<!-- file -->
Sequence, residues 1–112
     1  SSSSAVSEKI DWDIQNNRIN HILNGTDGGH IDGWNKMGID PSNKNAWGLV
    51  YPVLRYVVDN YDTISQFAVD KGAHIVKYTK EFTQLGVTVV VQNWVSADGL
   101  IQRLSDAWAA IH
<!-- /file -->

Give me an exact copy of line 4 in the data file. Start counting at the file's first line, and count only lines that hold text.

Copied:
   101  IQRLSDAWAA IH